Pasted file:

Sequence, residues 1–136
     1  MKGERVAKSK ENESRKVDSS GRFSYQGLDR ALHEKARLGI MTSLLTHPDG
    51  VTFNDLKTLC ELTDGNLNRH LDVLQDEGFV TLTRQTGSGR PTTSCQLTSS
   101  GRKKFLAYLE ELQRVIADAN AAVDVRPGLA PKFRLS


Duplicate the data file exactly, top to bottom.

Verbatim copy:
Sequence, residues 1–136
     1  MKGERVAKSK ENESRKVDSS GRFSYQGLDR ALHEKARLGI MTSLLTHPDG
    51  VTFNDLKTLC ELTDGNLNRH LDVLQDEGFV TLTRQTGSGR PTTSCQLTSS
   101  GRKKFLAYLE ELQRVIADAN AAVDVRPGLA PKFRLS